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5 flu vaccines that could shake up the influenza prevention market

9:29 am by | 5 Comments

As people in towns and cities across the U.S. feel the clammy grip of the flu epidemic, several biotechnology startups and Big Pharma companies are using innovative technology to develop different approaches to combating influenza and developing vaccines to combat multiple flu strains. Here are five of them:

Nasal spray: NanoBio Corp‘s flu vaccine is a nasal spray designed to offer short-term infection prevention and reduce transmission of the virus between humans. It uses nanoemulsion technology to develop a seasonal flu vaccine nasal spray. Currently in phase 2 development, the technology uses an oil-in-water emulsion to rapidly penetrate through pores and hair shafts to the site of an infection, and physically disrupt the outer membrane of pathogenic organisms by fusing with the invading flu virus and killing it before infection occurs. It would be used at times when there is a high risk of exposure such as air travel, a pediatrician’s office visit, hospital or any situation where groups of people congregate, according to the company’s website.

Combating more strains: The U.S. Food and Drug Administration approved GlaxoSmithKline’s quadrivalent vaccines last month. The vaccines contain two influenza A strains and two influenza B strains to potentially help broaden protection against seasonal influenza. It is approved for use in children 3 years of age and older. Current flu vaccines generally protect against three strains of influenza: two A strains and one B strain.

Universal vaccines: Biotechnology startup Visterra is developing a monoclonal antibody for universal flu vaccine VIS410 that could not only cover the three most common seasonal strains the widely available flu vaccines protect against, but also more deadly strains like the H1N1 variation.

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Cross-strain protection: Inovio is developing a universal flu vaccine that would induce both preventive antibody and T-cell immune responses for cross-strain protection against known and new, unmatched viruses. It could be especially helpful for the elderly who are among those most vulnerable to contracting the flu. It is developing a seasonal flu vaccine as well as one that could combat a pandemic.

Egg alternative: One problem with flu vaccines on the market is that they are developed from fertilized chicken eggs, which makes them off limits to those with egg allergies. A new seasonal flu vaccine from Novartis using cultured animal cells won FDA approval in November. It will be marketed under brand name Flucelvax.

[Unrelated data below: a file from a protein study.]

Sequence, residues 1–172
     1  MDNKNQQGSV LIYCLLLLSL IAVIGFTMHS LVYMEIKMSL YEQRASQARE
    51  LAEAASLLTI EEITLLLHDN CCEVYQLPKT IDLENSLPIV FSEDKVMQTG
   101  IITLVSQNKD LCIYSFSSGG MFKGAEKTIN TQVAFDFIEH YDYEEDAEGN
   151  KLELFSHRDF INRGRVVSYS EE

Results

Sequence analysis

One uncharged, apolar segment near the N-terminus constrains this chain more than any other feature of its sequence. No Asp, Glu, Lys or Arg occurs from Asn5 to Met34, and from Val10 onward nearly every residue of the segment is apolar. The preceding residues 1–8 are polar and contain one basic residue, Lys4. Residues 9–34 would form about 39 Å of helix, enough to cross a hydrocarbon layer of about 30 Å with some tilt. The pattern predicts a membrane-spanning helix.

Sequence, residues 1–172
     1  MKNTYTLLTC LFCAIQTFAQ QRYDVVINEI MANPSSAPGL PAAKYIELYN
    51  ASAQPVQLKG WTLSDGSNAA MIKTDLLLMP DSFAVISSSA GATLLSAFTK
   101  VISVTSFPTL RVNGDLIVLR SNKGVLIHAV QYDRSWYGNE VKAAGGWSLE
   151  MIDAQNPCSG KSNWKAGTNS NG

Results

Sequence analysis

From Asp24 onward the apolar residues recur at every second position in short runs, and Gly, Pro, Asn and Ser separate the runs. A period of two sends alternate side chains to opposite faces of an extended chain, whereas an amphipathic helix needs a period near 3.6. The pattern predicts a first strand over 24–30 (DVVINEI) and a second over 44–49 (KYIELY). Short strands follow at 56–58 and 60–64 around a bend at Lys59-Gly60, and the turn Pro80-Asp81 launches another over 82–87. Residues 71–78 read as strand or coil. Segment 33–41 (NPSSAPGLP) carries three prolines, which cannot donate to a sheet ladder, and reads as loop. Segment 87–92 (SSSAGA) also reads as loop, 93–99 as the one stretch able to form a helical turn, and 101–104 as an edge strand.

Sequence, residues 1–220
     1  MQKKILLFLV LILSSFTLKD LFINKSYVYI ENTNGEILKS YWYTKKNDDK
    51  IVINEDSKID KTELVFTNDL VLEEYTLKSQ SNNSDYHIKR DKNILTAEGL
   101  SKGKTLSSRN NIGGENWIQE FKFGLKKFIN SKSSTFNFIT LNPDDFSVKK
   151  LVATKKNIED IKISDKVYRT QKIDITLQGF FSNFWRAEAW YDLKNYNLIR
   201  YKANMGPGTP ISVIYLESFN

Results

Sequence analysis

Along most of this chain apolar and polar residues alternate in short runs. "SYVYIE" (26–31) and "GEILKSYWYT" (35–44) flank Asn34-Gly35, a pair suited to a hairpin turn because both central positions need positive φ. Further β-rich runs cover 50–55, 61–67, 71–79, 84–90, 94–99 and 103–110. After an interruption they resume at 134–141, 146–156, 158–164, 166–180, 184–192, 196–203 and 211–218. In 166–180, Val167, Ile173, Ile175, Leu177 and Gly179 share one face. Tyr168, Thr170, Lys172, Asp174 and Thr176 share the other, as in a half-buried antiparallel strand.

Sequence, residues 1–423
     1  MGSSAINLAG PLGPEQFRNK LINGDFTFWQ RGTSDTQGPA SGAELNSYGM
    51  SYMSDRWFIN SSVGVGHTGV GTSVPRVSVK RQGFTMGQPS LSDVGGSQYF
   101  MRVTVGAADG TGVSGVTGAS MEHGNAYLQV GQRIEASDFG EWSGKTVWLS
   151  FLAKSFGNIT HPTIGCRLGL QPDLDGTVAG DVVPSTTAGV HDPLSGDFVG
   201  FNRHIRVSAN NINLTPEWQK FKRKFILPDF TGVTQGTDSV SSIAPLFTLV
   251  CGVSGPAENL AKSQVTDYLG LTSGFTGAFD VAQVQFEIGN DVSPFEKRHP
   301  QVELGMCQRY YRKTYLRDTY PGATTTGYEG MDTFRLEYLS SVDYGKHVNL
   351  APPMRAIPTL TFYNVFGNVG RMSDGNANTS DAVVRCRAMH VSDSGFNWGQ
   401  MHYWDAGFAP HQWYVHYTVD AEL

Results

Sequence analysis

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Stephanie Baum

By Stephanie Baum

Stephanie Baum is the East Coast Innovation Reporter for MedCityNews.com. She enjoys covering healthcare startups across health IT, drug development and medical devices and innovations deployed to improve medical care. She graduated from Franklin & Marshall College in Pennsylvania and has worked across radio, print and video. She's written for The Christian Science Monitor, Dow Jones & Co. and United Business Media.
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5 comments
danadams
danadams

Flucelvax is not egg-free.  The process involves passaging the flu virus in eggs. There is no egg-free claim in the label.

 

Universal flu vaccines are many years away  - if ever - due to the incredibly long timelkine and very high cost to achieve regulatory approval so that they are hardly things to watch.

 

On the other hand Flublok, approved by the FDA on Wednesday, is the first egg free influenza vaccine and the first made without a live influenza virus.  You totally missed this important development that HHS stated was the most impoirtant advance in incluenza vaccine manufacturing technology in 50 years.

StephLBaum
StephLBaum

Danadams, My understanding of Flucelvax is that the virus strains are grown in cultured animal cells rather than eggs. You make an excellent point about Flublok, but I am afraid that was down to timing. My story was published shortly before the announcement came down that Flublok received FDA approval. Still, it should have been included. Regardless of the timing, universal flu vaccines would make a significant impact and that's why I included them.

WalterCzerniawski
WalterCzerniawski

Flu vaccination is simply big money for pharms. Far fewer people die each year from the flu than the CDC manufactures. Flu vaccination efficacy sucks and most folks do not need a flu shot. The pharms have made it seem like everyone should and now had made it so those that refuse to get one and work in the medical industry can be fired. All profit driven. With Congress recently passing the tax on immunizations pharms need to get more people to get shots so they can make up for the loss. Most folks get flu-like viruses and no flu shot is going to stop that. A complete waste of time for the average American.

JulieBlichmann
JulieBlichmann

 @WalterCzerniawski I totally agree with you Walter!  I have had one flu shot in my life, and will never get another.  You couldn't pay me to get a flu shot now!